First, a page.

Telecommuting isn’t really anything new – people have been doing it for many years. One thing that has changed, however, is the dramatic gain in popularity. More people than ever seem to be embracing the option of working remotely, and it’s setting the standard for the new in-demand work environment, writes Mashable Business’s Amy-Mae Elliott. Working parents like the telework option to balance work and personal life; metro area employees enjoy the break from hectic commutes; and, younger employees appreciate the workplace flexibility, according to the article. Question is, are organizations ready to embrace the spike in demand for this growing trend?
Put tablets, laptops, netbooks, among other devices, in the hands of grade- school students, and it’s only minutes before they’re innovating, creating, and communicating.
From the time they’re aware of the world around them, today’s children see and use technology. I’ve written before about the ubiquity of technology in the classrooms of our youngest learners, and as noted in a recent Education Week article, schools continue to experiment with available technology to determine the right tools to maximize their students’ learning. Read More »
It does not matter whether you are in Guildford or in Nairobi, it seems that it is never hard to get 10 and 11 year-old girls to chat. Recently I met about 30 of them over TelePresence, (Cisco’s high definition video conferencing). The aim of the meeting was to inspire them to consider careers in IT in the future and was designed to be a question and answer session. Having introduced myself and explained how I got into the IT industry many moons ago, the floor was all theirs.
Questions came flooding at me and the pressure was on to make a good impression. Despite the distance between them, I was immediately struck by the similarities of the girls – all in their smart school uniform, all smiling at me and a few girls gave me a little wave. Their respective teachers introduced the schools and that was where the similarity ended. The girls in Nairobi were from a deprived slum area whilst the girls from Guildford were mainly middle class. The questions they asked however were very different. Yes I was asked the usual questions such as “How did I get into IT?” “Do I like my job?” “What do I do?” etc . However the girls in Nairobi wanted to know how I got work, how long did it take me to get there, how many hours did I work and then they asked me probably the most poignant question of the session. “Does your technology help people in drug rehabilitation centres?” Wow, that question was so telling on many levels! By the way I didn’t know the answer but was able to explain how our technology Healthpresence is enabling doctors and hospitals to see more patients remotely and is extending the reach of healthcare.. The question was also in stark contrast from one of the Guildford girls who wanted to know what was the colour of my toothbrush! The last question asked was “ What was my most prized possession?” No prizes for guessing which school asked this one but I hope both schools took a few minutes to think about my response. I said “ it is not a possession as such but my answer is my HEALTH”.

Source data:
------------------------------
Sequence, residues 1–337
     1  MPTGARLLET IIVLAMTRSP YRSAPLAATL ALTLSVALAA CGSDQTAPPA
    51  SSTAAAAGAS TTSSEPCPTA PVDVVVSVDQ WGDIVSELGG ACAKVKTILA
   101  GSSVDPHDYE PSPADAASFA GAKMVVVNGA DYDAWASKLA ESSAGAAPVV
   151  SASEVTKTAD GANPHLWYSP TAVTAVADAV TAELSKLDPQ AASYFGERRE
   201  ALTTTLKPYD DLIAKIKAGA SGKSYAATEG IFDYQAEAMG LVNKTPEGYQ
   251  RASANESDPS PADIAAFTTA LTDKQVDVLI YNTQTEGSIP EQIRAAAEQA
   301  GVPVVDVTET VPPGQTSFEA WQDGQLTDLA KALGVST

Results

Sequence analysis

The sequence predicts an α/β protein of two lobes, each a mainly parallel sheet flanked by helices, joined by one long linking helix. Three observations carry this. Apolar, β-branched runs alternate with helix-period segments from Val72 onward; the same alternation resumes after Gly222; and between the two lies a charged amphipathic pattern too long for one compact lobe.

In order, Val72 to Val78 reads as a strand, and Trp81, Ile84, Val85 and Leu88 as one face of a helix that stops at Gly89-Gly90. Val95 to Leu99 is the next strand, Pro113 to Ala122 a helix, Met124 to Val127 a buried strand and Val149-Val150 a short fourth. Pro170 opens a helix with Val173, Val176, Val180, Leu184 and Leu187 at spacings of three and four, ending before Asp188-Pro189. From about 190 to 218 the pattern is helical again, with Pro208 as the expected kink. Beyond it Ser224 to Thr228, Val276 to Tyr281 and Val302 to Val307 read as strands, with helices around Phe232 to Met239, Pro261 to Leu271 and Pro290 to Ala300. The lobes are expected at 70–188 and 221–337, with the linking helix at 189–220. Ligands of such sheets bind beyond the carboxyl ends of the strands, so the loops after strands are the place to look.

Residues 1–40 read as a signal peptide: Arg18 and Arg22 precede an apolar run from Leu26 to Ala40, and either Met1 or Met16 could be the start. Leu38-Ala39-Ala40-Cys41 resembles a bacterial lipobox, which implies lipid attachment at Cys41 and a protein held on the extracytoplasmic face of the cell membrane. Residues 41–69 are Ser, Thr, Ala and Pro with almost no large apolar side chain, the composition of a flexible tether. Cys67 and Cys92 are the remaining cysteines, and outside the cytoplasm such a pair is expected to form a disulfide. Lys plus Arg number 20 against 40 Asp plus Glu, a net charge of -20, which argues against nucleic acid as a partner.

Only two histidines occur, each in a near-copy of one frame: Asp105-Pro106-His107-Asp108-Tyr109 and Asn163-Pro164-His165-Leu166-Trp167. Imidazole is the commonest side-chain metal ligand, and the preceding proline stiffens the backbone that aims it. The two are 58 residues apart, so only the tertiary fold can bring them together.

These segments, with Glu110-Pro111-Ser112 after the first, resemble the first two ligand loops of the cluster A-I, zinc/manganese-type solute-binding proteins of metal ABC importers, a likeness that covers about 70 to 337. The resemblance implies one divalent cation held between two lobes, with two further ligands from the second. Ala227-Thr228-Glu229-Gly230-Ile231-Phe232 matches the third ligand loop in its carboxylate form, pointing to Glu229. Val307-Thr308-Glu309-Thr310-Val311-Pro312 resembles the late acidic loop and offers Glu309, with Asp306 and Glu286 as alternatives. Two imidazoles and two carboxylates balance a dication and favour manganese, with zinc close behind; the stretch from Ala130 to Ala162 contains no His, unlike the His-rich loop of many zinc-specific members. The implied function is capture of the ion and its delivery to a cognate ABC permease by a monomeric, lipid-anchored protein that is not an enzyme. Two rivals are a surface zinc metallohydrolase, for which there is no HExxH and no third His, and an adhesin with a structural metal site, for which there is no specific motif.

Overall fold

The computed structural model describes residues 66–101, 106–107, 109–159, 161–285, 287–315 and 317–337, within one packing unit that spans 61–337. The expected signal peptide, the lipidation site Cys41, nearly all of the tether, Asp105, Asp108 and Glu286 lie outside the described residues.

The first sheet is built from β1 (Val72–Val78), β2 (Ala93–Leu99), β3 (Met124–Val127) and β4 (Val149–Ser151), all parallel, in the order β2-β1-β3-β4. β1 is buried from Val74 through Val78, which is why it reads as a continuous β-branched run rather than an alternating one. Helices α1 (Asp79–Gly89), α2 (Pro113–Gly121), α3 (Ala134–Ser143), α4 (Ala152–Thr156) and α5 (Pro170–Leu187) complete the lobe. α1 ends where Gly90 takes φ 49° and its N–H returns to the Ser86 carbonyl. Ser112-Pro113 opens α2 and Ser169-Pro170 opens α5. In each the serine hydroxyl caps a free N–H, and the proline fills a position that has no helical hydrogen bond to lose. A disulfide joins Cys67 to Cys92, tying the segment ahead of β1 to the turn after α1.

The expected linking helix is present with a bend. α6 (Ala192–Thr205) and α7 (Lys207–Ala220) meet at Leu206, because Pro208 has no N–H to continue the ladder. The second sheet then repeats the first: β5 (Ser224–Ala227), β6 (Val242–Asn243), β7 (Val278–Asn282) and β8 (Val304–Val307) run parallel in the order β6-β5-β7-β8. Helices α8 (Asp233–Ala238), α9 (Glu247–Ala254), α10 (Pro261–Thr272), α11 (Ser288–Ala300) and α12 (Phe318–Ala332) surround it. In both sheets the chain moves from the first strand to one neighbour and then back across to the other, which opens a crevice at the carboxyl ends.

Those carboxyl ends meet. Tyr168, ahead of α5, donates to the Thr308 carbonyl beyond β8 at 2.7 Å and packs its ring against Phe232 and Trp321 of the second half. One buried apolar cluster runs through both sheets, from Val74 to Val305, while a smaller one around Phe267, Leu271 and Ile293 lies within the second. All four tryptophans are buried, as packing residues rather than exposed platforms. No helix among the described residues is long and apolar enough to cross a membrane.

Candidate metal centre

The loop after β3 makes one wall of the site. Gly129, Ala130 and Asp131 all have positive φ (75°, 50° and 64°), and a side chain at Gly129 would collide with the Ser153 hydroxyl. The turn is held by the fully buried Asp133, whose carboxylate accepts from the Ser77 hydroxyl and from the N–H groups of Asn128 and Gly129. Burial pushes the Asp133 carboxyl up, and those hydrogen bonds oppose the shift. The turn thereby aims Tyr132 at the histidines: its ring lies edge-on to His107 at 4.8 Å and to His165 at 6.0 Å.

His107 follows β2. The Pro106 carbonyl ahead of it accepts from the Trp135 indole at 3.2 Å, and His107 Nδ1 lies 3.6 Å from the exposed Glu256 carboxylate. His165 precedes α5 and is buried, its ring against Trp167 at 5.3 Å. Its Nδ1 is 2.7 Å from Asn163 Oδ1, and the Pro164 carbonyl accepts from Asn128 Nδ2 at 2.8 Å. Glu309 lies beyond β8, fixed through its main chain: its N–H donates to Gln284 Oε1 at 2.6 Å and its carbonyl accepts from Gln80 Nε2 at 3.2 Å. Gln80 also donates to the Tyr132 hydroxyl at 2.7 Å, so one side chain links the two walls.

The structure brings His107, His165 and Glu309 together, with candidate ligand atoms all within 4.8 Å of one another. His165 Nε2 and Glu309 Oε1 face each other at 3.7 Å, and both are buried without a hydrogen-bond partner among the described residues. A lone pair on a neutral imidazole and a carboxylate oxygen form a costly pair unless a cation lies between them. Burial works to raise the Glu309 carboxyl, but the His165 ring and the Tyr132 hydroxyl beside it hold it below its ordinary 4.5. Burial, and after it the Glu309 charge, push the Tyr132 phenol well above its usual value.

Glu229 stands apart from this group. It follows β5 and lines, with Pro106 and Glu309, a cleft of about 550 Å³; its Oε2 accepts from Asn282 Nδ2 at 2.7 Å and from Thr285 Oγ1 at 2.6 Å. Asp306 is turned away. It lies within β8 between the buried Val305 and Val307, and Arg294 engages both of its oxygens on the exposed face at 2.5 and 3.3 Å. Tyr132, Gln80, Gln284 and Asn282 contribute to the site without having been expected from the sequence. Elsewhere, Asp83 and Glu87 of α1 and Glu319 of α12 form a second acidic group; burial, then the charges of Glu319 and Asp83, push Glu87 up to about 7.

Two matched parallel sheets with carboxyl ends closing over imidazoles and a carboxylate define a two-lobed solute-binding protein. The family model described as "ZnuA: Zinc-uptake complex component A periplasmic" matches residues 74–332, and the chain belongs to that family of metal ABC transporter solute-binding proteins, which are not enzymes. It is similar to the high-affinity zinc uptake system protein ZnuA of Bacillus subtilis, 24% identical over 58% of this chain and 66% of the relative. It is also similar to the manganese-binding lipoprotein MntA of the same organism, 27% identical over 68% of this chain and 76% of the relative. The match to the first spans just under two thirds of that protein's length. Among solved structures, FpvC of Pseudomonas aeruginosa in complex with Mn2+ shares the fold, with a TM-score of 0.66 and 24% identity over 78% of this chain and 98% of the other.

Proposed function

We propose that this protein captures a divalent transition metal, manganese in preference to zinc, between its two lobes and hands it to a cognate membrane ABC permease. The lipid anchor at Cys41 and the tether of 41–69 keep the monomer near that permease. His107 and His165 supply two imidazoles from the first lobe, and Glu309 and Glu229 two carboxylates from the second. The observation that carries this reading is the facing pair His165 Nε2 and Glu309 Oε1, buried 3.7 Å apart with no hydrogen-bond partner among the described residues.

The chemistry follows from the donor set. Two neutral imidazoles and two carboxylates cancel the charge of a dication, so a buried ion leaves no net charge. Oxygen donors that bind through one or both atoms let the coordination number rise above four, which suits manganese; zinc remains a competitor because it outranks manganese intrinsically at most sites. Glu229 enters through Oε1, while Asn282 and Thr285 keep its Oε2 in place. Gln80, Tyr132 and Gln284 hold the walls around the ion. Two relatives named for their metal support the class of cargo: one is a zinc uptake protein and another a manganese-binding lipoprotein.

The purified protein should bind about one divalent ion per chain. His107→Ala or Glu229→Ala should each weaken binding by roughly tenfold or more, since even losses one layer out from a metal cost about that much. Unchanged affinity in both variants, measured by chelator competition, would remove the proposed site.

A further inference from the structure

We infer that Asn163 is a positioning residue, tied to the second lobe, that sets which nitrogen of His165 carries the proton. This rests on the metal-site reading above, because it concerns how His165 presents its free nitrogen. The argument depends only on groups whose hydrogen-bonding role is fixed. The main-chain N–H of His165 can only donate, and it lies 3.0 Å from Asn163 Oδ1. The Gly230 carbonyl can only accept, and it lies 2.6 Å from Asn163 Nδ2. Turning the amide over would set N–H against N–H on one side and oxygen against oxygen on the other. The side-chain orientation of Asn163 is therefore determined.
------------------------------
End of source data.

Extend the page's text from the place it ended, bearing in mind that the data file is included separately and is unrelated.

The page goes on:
I then left the meeting so the girls could get to know each other better. I felt very privileged to have taken part and very humbled by the girls in Nairobi. I cannot really imagine what their lives are like on a daily basis or whether or not I inspired them but I hope they left the session with something constructive to talk about! The meeting has certainly left it’s footprint on me, more so than I expected. The children were so similar in their openness, friendliness and willingness to participate. However the use of the Cisco office would have sheltered the girls from Guildford from the harsh reality their new friends from Nairobi face each day and would have made it difficult for them to really comprehend their differences. Hopefully this would have been a good thing – the real understanding that we are not that different from each other after all!
Government support for healthcare (telehealth or telemedicine) technologies continues to gain momentum across the globe. The latest examples in Scotland and California emphasize improved medical care and reduced costs from adoption of technologies such as telepresence, home monitoring and Internet services.
A recent Guardian article highlights a report from the Scottish auditor which urges NHS to consider telehealth when developing or redesigning services. The report sets out a series of questions for NHS boards to ask around improved access, increased capacity, cost avoidance and health benefits. They include: Are any patients unable to access the current service because of geography? Do clinical staff have to do more than a four hour round trip to deliver the current service? Could using telehealth potentially reduce hospital admissions? Hopefully NHS takes this recommendation seriously and starts to make some serious headway on the telehealth front. Read More »
I recently got back from a successful east coast jaunt and wanted to share some thoughts on my first Educause experience while they’re still fresh.
After marketing video across many verticals, I have to say I was nothing short of impressed with the level of attendee engagement we received from the Educause 2011 crowd around video.
Video and higher ed are a natural pair in many ways — video is the cornerstone technology for lecture capture and also helps make distance learning aspirations a reality. Along these lines, our new Lecture Vision solution announcement and demo were very well received and it was great to hear how universities have already started down the path to pervasive video.